My thoughts often drifted toward images of ambushes; drive-by shootings; people blowing themselves up in my face. If I were a terrorist, I would have no problem hitting the particular roadblock I was at. So I had to control myself every shift to drive those thoughts away. These thoughts don't help; they destroy. I tried focusing on the job, thinking positive thoughts and, when eating, saying my blessings with greater concentration. We were making our best effort, so why the unnecessary and hysterical worry?
We're not responsible for the thoughts that enter our mind; we're responsible for what we do with them. If they're destructive, depressing or damaging, shoo them away. Focus on what you can do; focus on doing what's right.
I was on duty with secular soldiers, too. We had deep and lengthy discussions on religion, on politics, on what we were doing there. I questioned when one of them gave the Arab drivers the presents we had received from Jewish drivers for Purim!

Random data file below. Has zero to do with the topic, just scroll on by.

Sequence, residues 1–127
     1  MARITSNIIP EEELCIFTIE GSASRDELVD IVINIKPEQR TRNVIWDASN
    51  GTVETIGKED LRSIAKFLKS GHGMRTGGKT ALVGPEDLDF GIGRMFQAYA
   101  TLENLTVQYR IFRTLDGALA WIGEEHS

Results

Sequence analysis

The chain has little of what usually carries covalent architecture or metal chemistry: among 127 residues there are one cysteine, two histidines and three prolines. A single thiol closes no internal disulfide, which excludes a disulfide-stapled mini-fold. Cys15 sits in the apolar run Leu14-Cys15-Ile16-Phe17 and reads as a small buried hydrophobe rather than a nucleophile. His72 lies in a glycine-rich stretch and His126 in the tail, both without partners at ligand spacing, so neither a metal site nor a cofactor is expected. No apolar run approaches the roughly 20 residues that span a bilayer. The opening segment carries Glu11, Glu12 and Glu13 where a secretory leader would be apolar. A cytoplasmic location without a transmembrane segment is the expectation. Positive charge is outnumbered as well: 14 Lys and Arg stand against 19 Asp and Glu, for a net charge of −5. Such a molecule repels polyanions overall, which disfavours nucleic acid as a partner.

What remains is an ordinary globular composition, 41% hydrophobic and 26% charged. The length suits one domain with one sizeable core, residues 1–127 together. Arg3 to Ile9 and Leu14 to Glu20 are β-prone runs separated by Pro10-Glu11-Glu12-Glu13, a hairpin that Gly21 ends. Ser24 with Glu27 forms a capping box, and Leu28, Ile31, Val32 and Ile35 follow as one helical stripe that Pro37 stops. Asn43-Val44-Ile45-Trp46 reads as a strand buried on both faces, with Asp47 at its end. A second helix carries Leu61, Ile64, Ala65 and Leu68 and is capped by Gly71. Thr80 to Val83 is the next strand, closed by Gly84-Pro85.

Our ability to recognize the intrinsic holiness in every Jew will result in our ultimate victory.
But we were comrades in arms, and I was putting my life at risk for him, just as he was for me. I certainly cannot say I'm any more religious than he is. Just as the bullets and the bombs don't differentiate between religious and secular, between Ashkenazi and Sephardi, between left and right wing, neither should we. It is our ability to recognize the intrinsic holiness in every Jew that will result in our ultimate victory.
Why am I here risking my life?
This is our land, our only land. It is not the fight of a few thousand fanatical Zionists or an army of 19-year-old soldiers. It is the fight that will determine our future; the future of the entire Jewish people, wherever they are currently living.
What prevents us from seeing truth, from thinking straight, from coming to Israel, are only roadblocks of the mind and roadblocks of the heart. We all have the ability to choose what thoughts and actions we let through, and what we keep behind.
The Jewish people know what's right. Every Jew has it deep down inside. In these times of terror and tragedy, our minds and hearts are the safest place to be.